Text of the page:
“We need new leaders to drive action and help shape food systems that are healthier and more sustainable for all of us. These Fellows are on a journey together that will continue for a generation, to further realise their country’s and continent’s potential.”
This galvanising call to action by the Director of the African Food Fellowship, Joost Guijt, lies at the heart of the second stage of the programme. It’s an action-oriented phase designed around four themes:
First, Stage 2 provides catalytic support for helping Fellows progress real-world Systems Initiatives – to drive real change within Impact Areas that matter here in Kenya. In doing so, it will build on the concepts developed in Stage 1, serving as an incubator for testing, refining and applying these initiatives for systemic impact.
Second, it continues to build the capacity of Fellows for leading systems-change through a carefully tailored blend of inspiration, coaching and mentoring around real-world issues and initiatives.
Third, from this starting point, the stage will build on and strengthen the networks and relationships established in Stage 1. It will also bring in new Fellows from adjacent cohorts, expanding connections across countries and food systems.
And finally, the stage is designed to generate rich insight into how change actually happens within food systems, helping the programme adapt and evolve as it scales into the future.
Stage 2 is all about helping Fellows dive more deeply into the challenges and opportunities that matter to them, and helping them access all the brilliant ideas and insights that their peers have to offer.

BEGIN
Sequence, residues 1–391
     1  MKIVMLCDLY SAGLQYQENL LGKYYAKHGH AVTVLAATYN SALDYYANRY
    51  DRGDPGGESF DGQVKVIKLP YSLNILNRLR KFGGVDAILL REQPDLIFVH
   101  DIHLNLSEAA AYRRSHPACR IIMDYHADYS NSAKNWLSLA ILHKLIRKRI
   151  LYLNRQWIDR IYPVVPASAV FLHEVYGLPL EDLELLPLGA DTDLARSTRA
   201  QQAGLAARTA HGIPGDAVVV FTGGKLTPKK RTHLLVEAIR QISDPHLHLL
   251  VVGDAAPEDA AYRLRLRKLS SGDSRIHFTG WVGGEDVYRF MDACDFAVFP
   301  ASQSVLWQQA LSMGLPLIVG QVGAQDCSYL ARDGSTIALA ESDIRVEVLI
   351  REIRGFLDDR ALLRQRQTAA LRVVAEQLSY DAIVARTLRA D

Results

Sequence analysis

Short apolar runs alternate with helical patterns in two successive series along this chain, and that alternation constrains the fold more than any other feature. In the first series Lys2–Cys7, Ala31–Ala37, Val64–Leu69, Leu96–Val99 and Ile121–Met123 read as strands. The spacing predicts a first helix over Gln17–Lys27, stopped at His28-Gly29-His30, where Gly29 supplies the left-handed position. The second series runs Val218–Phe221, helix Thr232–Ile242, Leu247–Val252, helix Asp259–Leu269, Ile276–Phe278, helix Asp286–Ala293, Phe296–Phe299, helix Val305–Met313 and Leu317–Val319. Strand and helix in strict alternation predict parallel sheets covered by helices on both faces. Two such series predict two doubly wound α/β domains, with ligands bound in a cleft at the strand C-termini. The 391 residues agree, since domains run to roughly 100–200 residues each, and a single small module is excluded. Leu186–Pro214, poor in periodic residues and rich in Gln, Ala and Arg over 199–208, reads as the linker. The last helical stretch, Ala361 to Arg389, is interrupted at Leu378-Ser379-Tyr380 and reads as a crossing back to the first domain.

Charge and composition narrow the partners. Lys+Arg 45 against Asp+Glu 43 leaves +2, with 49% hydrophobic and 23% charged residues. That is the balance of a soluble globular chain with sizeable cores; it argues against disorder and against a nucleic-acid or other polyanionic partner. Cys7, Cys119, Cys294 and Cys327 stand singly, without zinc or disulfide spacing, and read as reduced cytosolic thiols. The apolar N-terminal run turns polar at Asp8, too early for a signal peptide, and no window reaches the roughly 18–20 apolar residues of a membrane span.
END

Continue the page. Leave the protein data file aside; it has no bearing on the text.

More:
This is what’s working for the Fellows
Horticulture Fellow Winnie Yegon said her involvement has gone beyond food systems; “It has made me a better leader and gone beyond that to help shape me as a person as well. It has not just been about professional growth, it has been a personal journey too,” she said.
For Agri-finance Fellows Grace Njoroge and Sieka Gatabaki, the monthly Inspiration Sessions have been a gamechanger. These one-hour sessions are designed to expand networks, increase skills and build knowledge. They are delivered by industry experts and food systems leaders, as a mix of online skills masterclasses, industry deep-dives and leadership presentations.
In addition, each team is provided four hours per month of flexible, online support by dedicated Technical Mentors, designed to provide ready access to relevant technical and industry expertise and networks in order to progress Systems Initiatives.
The Fellows also benefit from online coaching sessions tailored to help teams progress their Systems Initiatives and to deepen the capacity for systems leadership. Delivered virtually by a cadre of Systems Leadership Coaches, they appear to have added considerable value to Fellows; “When we sat down to talk about solutions, all these different ideas came up from different people with different perspectives. I will definitely be replicating this at my place of work,” said Aquaculture Fellow, Seika.
“I realised that we have similar issues but different ways of approaching them, and different perspectives. People were able to open up because it was a safe space,” said Horticulture Fellow Grace.
Looking ahead, Fellows will be presenting the outcomes from their Systems Initiatives to an external panel of advanced food systems leaders in late March. The event will serve as a graduation for the Fellows into the inaugural Kenyan Food Fellowship; laying vital seeds for a movement of food systems game-changers.
Wasafiri are thrilled to have 30 inspiring and talented Kenyan Fellows embark on a systems leadership journey as they focus on transforming food systems in Kenya. They are the first cohort of many to come in……
The world is not short of models for systems change. Many of these models are right and a few of them are useful. The World Business Council for Sustainability (WBCS) has just published a brief on ‘Unlocking systems transformation’ (LINK here) – which falls well into the ‘useful’ category.